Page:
What is “Freedom to Operate”?

Generally speaking, Freedom to Operate refers to the ability to use or commercialise a product or process without infringing on another party’s valid Intellectual Property rights.  While the term Freedom to Operate generally refers to Patents, it is wise to consider other types of IP rights before launching any product or brand.

Before you launch your product onto the market, we recommend you ensure it will be commercially safe to do so by checking for possible infringement of competitors’ Intellectual Property rights.  It is important to remember that you being granted an IP right which covers your product does not protect you from infringing other people’s IP rights.

There are no official copyright registers in the U.K. or Ireland but other IP rights such as patents, registered designs and registered trade marks can be searched for in various databases.

Patent Infringement

In order infringe a granted patent, your actions would need to involve each and every feature listed in a granted patent claim.  If your product or process has all of the listed features as well as one or more extra features, it would still result in infringement of a granted patent if performed in the country in which the patent is in force.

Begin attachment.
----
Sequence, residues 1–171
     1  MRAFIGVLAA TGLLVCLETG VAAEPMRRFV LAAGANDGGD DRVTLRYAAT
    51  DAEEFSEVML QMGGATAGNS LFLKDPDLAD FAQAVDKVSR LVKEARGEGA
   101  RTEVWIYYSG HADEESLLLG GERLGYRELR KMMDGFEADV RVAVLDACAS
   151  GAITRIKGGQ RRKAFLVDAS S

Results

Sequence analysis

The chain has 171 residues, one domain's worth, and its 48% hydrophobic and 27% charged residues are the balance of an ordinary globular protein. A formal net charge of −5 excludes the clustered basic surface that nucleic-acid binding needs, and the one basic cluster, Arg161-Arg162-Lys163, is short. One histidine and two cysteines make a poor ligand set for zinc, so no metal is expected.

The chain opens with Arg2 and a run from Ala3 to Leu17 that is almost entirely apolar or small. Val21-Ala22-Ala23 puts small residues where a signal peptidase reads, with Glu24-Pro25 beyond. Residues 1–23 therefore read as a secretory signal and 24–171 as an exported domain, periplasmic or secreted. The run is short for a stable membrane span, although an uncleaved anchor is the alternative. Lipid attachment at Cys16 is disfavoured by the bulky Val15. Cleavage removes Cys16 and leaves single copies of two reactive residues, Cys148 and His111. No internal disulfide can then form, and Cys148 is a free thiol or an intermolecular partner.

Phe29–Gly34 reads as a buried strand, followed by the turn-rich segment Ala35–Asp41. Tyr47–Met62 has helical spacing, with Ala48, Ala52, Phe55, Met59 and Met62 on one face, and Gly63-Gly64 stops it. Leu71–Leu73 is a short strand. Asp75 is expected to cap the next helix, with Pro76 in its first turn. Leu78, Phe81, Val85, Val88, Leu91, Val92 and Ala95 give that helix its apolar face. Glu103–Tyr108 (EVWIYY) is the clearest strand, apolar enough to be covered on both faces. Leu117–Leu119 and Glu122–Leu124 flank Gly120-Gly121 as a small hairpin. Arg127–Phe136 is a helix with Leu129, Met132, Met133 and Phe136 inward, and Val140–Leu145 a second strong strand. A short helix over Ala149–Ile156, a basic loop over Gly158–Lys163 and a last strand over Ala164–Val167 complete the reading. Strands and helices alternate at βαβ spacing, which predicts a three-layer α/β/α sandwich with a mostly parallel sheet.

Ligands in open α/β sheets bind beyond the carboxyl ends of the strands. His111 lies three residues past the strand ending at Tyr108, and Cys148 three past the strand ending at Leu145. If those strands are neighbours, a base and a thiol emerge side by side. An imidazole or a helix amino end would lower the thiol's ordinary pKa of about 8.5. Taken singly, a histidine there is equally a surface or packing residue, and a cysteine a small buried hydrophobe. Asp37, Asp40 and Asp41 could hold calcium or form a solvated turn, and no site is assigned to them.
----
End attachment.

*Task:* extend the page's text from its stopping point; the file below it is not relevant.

Whilst it is not possible to be sued for infringement prior to patent grant, after grant you could be sued back to any actions that take place after publication provided those actions fall within the scope of both the published and eventually granted claims.  It is therefore also important to search for pending patent applications as well as granted patents.

Design Infringement

In order to infringe a registered design, your product has to incorporate that design either exactly or in a way that does not produce a different overall impression on an informed user.  Design FTO searches are more unusual than patent FTO searches as it is often a lot easier to change the appearance of a product to avoid design infringement than to redesign it to avoid patent infringement.

Trade Mark Infringement

In order to infringe a registered trade mark, a person must use a sign that is identical with or similar to a registered trade mark and the sign is used in connection with identical or similar goods or services,  therefore creating the likelihood of confusion on the part of the public, which includes the likelihood of association.

Avoiding Infringement

To avoid this situation we would recommend that you conduct an availability search through the relevant trade mark databases to ascertain that the trade mark of interest to you is not the subject of an application or is registered.

We would not typically recommend performing freedom to operate searches, related to patents or designs, until your product is past the concept stage as otherwise we would need to cast a very broad net which may result in a vast amount of search results, many of which may not be relevant.

The cost of FTO searches vary depending on how intensive a search is required and in which jurisdictions.

Should you need assistance with this, or any aspect of IP, please contact us at mail@maclachlan.ie and we would be pleased to assist you.